Raids Seek Evidence of Money-Laundering
by Judith Miller
New York Times
March 21, 2002
WASHINGTON, March 20 — Federal law enforcement officials today raided 15 organizations and individuals in Northern Virginia and a chicken farm in Georgia, all of them, the authorities said, suspected by the Treasury Department of laundering money for Al Qaeda or other terrorist groups.
The raids were the first to be coordinated by the Treasury Department's counterterrorism task force responsible for stopping the flow of money to terrorist organizations in the United States and abroad.
The department announced the raids in a single-page press release that gave the number of targets but provided little other information about them or the nature of what the authorities sought.
People close to the Treasury investigation said, however, that among the main targets was a commercial building at 555 Grove Street in Herndon, Va., where the SAAR Foundation, a Saudi-financed charity that is now defunct, had an office until recently. No representative of the foundation could be located for comment. The Grove Street building, about 20 miles from Washington, also houses offices of several other Islamic charities and individual Muslims who, officials said, are being investigated for the possibility of money-laundering activities.
One other place searched today was the office of the International Islamic Relief Organization at 360 South Washington Street in Falls Church, Va., another Washington suburb.
That charity has a parent, the Muslim World League, that officials said was also searched. Corporate records show that the Muslim World League, which is financed in part by the Saudi government, is based at the same address as the relief organization, in Falls Church, but that it has used the Herndon building as a mailing address.
Last October, the Treasury Department listed another Islamic charity financed by the Muslim World League, the Rabita Trust, as having connections to Al Qaeda. Search warrants were also served today, officials said, on the International Institute for Islamic Thought, which is at 500 Grove Street, across the street from the SAAR Foundation. Officials said the government had been investigating the institute for at least three years.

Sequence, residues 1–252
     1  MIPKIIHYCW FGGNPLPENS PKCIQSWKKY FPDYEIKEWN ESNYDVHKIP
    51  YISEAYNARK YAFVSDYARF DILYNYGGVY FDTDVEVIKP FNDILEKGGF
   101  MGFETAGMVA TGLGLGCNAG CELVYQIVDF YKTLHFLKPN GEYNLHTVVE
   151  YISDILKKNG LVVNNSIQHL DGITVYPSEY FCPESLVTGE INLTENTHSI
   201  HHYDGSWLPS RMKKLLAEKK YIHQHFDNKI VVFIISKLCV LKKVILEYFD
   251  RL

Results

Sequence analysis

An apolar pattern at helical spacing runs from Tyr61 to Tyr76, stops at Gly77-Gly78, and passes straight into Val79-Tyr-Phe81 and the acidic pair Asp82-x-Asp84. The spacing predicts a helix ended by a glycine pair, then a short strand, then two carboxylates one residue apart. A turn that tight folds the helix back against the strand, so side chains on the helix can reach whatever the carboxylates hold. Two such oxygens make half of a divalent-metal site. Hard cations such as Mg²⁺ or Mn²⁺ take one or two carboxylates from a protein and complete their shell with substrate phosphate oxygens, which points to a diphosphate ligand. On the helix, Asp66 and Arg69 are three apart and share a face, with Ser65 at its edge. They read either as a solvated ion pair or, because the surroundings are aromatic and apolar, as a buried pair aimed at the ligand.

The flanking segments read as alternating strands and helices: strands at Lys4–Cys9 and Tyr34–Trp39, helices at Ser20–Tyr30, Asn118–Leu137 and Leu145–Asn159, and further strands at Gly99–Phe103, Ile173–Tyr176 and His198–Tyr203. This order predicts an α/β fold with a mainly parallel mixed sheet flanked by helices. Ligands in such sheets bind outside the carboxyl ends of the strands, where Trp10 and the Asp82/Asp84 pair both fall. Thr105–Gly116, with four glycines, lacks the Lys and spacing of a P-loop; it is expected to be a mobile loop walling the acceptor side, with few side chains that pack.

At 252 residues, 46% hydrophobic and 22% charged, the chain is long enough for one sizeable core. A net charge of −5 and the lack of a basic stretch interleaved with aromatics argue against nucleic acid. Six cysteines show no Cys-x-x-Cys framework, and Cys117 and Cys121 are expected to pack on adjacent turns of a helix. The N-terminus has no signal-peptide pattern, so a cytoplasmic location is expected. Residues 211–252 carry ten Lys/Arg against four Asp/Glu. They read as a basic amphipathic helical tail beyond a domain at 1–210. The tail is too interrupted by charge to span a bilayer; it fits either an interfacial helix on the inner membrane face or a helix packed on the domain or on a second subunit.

An employee there, Tarik Hamdi, whose home was also raided today, was mentioned in the New York trial resulting from the bombing of the United States Embassies in Kenya and Tanzania in 1998. A battery for a satellite phone was carried to Afghanistan by Mr. Hamdi that year; this phone, a prosecutor at the trial said, "is the phone that bin Laden and others will use to carry out their war against the United States."
Neither Mr. Hamdi nor anyone else connected with the institute could be reached for comment today; a call placed to the lawyer for the organization late in the day was not returned. But in the past, officials of the institute have denied that any of its money supports terrorist activities.
Dean Boyd, a spokesman for the Customs Service, one of the agencies involved in the raids, declined to comment on them. So did Frank Shults, a spokesman for the office of the United States attorney for Northern Virginia. The Treasury Department's press release said no further information about the search warrants could be disclosed.
But officials and others familiar with the inquiry said the government was collecting bank records and other financial information about several groups, including the SAAR Foundation, which, though officially dissolved in 2000, until recently maintained an office at the 555 Grove Street address.
Officials said SAAR had been financed in large part by Suleiman Abdel Aziz al-Rajhi, a Saudi banker and financier who is said to be close to the Saudi ruling family. Mr. Rajhi, among other things, is said to have an indirect financial interest in Piedmont Poultry, in Gainesville, Ga., which federal agents also raided today. The Treasury Department said the raids had involved more than 150 agents and officers of the Customs Service, the Internal Revenue Service and several other Treasury agencies. Local police departments in Virginia assisted. The Treasury Department statement said the offices and residences that were targets of the raids had been searched, and material from them seized, without incident. It said federal investigators had begun processing the resulting evidence. The statement also noted that no one was arrested during the raids and that affidavits filed in support of the seizures were under court seal.
Steven Emerson, a terrorism expert, focused on 555 Grove Street in his new book, "American Jihad: Terrorists Among Us." In the book, Mr. Emerson listed several charities at that address, including the SAAR Foundation and Safa Trust, which was also raided today, as organizations that had financed groups and individuals connected to terrorism. In an interview, Mr. Emerson said he believed that the raids were aimed at helping the government collect information about how money that finances terrorism is laundered through Islamic charities in the United States. Such cases are very difficult to prove and prosecute, he said.
Officials confirmed today that the government was seeking information about possible money-laundering not just for Al Qaeda, but also for what the State Department describes as other terrorist groups.
These include the Palestinian military group Hamas, which claims responsibility for the scores of suicide bombings in Israel, and Palestinian Islamic Jihad, which is also suspected of having raised money for its activities through humanitarian groups operating in the United States. In 1996, Congress passed a law making it a crime to raise money for terrorist groups, even if the money is not directly used to support terrorism.